kevin abstract

Will Hagle knows how to leave anything in 30 seconds

Someone once told me, genre is a flat circle. Everything we’ve ever done or will do, we’re gonna do over and over and over again. Truly creative artists are those outside that circle, looking down and laughing.

Genre distinction may not actually matter to most artists or listeners, but humans like to categorize things, so it exists. Although a particular genre can’t be explained in an exact manner, it can be viewed as a jumping off point – a loosely-defined set of musical rules. Artists of a particular genre make music that’s expected to fall within certain boundaries, but certainly not limited by them.

Genre was once the broadest way for record stores and radio stations to organize music, with subcategories making it easier to find what you’re looking for or to discover something new. This type of classification has since transitioned online, with music discovery services working genre tags into algorithms that help computers make recommendations based on your listening habits. It’s the reason my Spotify Discovery section says “Have you heard this song by Raekwon? Give it a try.”

Most Spotify recommendations are laughable. The aforementioned Raekwon recommendation was for his feature on the Cruel Summer album, because I listened to one Kanye West song. Spotify actually uses a variety of methods to execute its discovery service — collaborative filtering, manual curation, tag attributes, etc. (these are things that I googled and know nothing about). Companies understand that genre is no longer the most important factor when it comes to discovery, yet the genre categories still exist. No one has made a perfect music discovery service because taste is subjective, but also, more simply, genre is imperfect.

The Apple acquisition of Beats that’ll inevitably lead to a Forbes Dr. Dre cover shoot reminded me how primitive iTunes’ genre classification feature was when it first launched. The service was revolutionary, for sure, but the genre options were limited (unless you typed in your own term).

A quick scan of my library is suggesting that I’m wrong, but for some reason I recall one of iTunes initial genre options being “Hip-hop/R&B.” I was amazed how the service knew the album title, artist name and other information about The Black Album when I (legally, this time) uploaded the disc, but the genre stuck out to me. Genre was one of the easiest ways to filter your iTunes library when you were looking for something, but Jay-Z was a rapper, not a singer. If I wanted to find Jagged Edge and 112, I’d be searching for an entirely different genre, yet my computer classified them together.


This is a longwinded way of admitting that I don’t know what R&B is. Old people might say it’s the Rolling Stones, or someone from Motown. Younger people might say it’s Jodeci, R. Kelly, or Destiny’s Child. The genre’s Wikipedia page cites race as a defining factor of the music, but then lists tons of non-black artists as participating in the music.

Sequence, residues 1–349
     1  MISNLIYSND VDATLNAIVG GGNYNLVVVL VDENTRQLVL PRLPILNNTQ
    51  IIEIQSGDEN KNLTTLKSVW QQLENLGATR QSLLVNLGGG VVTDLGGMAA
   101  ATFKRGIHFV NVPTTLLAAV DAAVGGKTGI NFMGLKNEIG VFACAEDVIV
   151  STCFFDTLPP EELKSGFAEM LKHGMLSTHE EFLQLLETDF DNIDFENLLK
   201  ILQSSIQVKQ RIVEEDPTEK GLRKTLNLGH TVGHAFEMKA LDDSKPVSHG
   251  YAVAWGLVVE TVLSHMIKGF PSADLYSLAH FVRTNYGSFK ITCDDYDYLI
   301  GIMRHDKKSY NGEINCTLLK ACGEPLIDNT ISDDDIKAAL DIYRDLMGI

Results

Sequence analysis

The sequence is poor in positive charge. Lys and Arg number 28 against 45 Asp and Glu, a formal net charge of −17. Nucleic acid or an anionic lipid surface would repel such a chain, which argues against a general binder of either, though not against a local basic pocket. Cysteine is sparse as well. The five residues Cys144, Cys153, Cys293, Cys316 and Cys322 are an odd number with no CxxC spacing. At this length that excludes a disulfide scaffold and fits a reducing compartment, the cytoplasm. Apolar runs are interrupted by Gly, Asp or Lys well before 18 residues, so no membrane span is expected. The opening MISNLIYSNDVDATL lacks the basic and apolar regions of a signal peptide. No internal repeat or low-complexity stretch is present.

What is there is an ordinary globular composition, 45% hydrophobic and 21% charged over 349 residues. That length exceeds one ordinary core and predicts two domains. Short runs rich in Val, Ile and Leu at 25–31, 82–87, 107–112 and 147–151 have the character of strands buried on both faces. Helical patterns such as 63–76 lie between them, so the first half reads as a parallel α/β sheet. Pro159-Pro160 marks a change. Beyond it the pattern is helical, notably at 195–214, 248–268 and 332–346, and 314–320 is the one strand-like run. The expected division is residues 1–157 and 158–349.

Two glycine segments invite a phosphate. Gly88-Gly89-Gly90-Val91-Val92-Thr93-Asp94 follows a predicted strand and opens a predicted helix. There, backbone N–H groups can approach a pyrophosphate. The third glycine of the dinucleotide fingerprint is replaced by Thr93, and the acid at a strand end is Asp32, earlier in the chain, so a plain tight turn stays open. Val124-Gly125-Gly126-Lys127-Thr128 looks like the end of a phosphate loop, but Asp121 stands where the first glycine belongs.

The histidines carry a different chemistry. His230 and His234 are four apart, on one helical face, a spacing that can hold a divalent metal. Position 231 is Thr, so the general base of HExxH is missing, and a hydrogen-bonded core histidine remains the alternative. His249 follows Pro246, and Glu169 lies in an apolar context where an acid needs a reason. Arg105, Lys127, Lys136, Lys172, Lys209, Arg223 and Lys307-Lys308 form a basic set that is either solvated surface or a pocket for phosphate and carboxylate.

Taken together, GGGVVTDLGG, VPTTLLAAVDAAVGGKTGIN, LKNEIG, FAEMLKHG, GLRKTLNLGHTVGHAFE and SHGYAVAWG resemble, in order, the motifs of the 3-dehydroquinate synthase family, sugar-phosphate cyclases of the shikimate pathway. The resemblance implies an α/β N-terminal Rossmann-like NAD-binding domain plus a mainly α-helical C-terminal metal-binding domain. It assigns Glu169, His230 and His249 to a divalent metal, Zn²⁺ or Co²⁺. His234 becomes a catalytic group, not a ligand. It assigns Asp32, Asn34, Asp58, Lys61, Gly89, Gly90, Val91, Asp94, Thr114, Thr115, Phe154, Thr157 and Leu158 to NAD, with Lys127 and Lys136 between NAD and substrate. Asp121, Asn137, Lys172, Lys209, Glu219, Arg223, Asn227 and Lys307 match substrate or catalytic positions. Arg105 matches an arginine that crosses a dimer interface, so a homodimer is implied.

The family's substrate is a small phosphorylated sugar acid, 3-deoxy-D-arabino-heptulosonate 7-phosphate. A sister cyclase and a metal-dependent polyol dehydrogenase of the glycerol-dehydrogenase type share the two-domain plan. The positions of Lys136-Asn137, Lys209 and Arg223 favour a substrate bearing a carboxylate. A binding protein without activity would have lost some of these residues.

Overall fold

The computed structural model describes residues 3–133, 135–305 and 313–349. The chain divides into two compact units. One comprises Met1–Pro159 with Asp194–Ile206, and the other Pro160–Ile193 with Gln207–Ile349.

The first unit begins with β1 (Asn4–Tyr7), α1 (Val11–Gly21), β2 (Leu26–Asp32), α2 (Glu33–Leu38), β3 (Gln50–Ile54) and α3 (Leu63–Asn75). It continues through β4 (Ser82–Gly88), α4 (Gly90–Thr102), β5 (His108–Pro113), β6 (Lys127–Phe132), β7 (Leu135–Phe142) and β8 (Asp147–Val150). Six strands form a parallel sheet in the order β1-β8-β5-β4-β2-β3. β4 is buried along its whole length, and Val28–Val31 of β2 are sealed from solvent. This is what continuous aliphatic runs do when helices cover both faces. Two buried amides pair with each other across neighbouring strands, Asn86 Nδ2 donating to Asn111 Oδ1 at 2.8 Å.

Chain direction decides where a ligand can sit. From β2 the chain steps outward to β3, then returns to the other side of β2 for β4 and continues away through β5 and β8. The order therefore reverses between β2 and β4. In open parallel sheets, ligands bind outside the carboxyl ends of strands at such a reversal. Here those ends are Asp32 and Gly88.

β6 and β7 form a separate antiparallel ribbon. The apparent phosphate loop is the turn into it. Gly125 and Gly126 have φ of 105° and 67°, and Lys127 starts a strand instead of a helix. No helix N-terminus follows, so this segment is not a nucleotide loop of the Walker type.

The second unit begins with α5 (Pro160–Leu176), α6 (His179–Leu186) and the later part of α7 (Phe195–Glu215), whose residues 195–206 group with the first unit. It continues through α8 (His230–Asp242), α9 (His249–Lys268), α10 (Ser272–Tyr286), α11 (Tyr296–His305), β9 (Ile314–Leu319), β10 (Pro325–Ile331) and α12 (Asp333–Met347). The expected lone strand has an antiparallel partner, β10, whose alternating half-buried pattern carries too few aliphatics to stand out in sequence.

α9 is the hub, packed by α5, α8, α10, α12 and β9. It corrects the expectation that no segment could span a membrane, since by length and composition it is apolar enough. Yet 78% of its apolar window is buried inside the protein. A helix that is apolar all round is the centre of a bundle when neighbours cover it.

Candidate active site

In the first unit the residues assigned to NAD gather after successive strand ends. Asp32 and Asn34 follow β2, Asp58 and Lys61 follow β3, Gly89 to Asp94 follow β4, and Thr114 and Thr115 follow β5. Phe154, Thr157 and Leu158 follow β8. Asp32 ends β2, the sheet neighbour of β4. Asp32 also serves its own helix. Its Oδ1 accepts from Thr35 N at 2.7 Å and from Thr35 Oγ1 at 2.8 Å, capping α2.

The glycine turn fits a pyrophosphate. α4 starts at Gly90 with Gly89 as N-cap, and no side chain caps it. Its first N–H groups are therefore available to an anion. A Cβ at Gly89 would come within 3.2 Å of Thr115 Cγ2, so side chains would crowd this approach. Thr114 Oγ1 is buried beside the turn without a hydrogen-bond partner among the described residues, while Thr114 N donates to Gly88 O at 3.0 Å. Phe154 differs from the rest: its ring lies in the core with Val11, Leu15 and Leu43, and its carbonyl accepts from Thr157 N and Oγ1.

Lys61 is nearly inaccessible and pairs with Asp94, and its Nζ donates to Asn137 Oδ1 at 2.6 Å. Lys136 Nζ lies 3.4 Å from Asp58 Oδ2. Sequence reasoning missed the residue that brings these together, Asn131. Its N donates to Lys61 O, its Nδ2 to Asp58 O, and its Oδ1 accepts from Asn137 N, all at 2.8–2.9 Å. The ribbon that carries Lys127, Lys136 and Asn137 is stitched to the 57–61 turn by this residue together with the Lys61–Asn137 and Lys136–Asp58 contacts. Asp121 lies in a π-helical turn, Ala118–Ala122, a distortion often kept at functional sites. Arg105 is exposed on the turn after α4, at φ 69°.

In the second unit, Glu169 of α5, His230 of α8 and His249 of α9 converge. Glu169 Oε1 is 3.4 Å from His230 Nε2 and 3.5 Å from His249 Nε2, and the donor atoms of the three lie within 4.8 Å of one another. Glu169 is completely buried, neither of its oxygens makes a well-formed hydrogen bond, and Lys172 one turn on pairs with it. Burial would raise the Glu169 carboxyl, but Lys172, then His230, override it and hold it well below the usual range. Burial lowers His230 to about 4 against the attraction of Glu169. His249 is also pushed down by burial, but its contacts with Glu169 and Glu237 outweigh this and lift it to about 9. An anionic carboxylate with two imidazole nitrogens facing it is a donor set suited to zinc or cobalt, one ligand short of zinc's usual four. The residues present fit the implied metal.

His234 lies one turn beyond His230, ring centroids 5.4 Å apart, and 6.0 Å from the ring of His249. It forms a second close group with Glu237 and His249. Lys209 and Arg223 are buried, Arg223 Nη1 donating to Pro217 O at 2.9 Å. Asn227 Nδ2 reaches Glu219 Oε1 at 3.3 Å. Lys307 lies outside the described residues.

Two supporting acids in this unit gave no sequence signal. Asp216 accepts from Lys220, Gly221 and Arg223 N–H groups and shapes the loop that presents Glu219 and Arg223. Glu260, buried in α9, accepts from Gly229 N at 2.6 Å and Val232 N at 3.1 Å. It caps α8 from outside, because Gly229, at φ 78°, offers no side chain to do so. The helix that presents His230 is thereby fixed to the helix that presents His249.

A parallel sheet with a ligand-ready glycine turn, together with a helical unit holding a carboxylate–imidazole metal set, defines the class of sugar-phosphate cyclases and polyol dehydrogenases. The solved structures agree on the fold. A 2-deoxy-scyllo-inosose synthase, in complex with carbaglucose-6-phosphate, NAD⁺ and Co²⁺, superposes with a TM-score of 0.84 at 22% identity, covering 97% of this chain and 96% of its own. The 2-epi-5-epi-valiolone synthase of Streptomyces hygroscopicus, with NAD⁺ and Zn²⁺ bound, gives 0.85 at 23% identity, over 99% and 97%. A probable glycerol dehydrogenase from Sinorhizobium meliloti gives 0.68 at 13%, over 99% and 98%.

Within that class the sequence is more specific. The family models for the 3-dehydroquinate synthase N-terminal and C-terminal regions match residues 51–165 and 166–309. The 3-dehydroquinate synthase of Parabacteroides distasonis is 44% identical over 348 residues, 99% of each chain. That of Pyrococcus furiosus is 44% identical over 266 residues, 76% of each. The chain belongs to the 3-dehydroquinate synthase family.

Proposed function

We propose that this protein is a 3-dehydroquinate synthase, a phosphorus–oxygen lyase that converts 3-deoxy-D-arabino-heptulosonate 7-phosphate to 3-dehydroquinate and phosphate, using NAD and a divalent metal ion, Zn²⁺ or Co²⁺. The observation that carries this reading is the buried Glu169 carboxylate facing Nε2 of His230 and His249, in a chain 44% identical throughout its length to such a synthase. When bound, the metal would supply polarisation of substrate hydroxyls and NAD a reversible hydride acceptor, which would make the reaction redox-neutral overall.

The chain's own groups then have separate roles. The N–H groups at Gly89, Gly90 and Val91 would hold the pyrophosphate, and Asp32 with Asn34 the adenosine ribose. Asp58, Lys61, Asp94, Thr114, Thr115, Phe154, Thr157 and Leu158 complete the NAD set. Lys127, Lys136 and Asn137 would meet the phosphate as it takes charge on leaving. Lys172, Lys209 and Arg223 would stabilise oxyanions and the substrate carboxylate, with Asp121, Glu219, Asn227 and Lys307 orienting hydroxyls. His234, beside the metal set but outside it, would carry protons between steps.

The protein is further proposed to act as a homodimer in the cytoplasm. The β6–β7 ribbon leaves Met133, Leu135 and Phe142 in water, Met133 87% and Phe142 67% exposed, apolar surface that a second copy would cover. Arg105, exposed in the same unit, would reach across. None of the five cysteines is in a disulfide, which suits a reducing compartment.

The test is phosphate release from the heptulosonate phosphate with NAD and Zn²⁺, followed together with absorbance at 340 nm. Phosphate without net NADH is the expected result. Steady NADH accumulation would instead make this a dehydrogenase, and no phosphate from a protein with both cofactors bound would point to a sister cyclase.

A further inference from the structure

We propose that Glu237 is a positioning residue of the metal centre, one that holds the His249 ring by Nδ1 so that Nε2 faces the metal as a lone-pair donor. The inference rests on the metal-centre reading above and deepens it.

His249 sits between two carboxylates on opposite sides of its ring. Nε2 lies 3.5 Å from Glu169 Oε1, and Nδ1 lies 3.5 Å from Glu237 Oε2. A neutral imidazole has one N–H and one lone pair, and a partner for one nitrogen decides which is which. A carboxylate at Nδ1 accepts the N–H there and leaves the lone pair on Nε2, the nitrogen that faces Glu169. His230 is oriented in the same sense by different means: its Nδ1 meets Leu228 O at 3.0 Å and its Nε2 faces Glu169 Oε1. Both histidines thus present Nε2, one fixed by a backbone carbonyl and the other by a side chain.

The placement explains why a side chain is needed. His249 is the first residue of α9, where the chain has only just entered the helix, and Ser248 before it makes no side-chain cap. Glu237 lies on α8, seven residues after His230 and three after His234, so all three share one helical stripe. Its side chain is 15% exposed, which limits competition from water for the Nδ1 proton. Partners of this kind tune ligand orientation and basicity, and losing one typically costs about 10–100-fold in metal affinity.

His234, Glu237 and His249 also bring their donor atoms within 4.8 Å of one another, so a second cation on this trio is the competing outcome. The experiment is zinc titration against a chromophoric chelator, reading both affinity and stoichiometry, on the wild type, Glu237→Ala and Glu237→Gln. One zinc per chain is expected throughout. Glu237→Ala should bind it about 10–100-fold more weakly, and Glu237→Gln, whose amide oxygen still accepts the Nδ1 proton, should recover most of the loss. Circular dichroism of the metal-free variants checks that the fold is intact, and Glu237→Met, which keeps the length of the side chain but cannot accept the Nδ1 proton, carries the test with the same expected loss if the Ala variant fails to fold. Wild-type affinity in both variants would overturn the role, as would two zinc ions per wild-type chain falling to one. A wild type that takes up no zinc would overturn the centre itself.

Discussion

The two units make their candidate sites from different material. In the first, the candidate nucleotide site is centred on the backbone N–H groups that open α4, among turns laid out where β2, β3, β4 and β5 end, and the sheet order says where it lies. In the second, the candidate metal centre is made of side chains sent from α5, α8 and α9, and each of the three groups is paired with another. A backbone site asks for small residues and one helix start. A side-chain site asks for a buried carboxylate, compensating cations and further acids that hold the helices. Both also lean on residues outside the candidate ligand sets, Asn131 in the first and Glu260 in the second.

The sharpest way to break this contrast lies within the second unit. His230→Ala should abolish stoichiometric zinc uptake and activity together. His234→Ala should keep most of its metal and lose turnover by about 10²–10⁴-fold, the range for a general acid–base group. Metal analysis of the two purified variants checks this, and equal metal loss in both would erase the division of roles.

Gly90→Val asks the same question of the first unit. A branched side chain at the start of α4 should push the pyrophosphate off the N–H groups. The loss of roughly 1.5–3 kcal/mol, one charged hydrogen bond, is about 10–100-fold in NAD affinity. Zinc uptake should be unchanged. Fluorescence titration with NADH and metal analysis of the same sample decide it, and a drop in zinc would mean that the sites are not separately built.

R&B has always been difficult to define, but in 2014 it’s almost impossible. The Weeknd, Future, Frank Ocean and Drake are the first examples that come to mind. A good guideline has always been that R&B is mostly singing and hip-hop is mostly rapping, but artists have always blended those boundaries and they continue to do so perhaps more than ever today. Eminem said it best on “Hailie’s Song”: “Yo I can’t sing. I feel like singing. I want to fucking sing.”

Kevin Abstract is probably not thinking about genre. He has other things to worry about, like graduating high school and becoming a pop star. He’s also outside that flat circle, making music that’s too hard to pin down with one label.

His new single, “Drugs,” spans seven minutes and he navigates every second single-handedly and successfully. The track was produced by romil, a member of the AliveSinceForever collective which Abstract leads. The song is essentially broken up into three distinct sections, as Kevin Abstract raps over a polished beat at the beginning, then sings in a sometimes shaky, sometimes slightly off-key voice that emphasizes his emotions later on before switching back to rapping again.

I imagine that someday my Spotify account will say “Do you like Kid Cudi? Give this song by Kevin Abstract a try.” That recommendation will be accurate for a few reasons — both artists emphasize being lost in the world and doing too many drugs while alternating between singing and rapping— but wrong for a longer list of reasons. Kevin Abstract’s own inventive website paints a better picture of his influences — with Kurt Cobain, Justin Timberlake, Andre 3000, Frank Ocean, Funkadelic and King Krule all receiving proper praise.

On that same site, someone commented “i bumped drugs in the car for my grandma today and she turned it up and rolled the windows down.” That further emphasizes the artist’s range. His type of R&B — with its soulful crooning at times and straightforward, spoken rapping at others — spans the years of that genre’s evolution (or something, this argument about genre is obviously played out, and of course after writing all of this Kevin Abstract himself tweeted a screenshot of his forthcoming album, MTV1987, on iTunes, which he’s apparently categorized as “Pop.” which he’s apparently categorized as “Pop.” Maybe that’s the easiest, truest answer, but I am human and I like to categorize things. “Drugs” should definitely filed in the “maybe rap maybe R&B maybe just pop but definitely the good kind of pop that you should at least check out because this kid just goes nuts for 7 minutes” bin.


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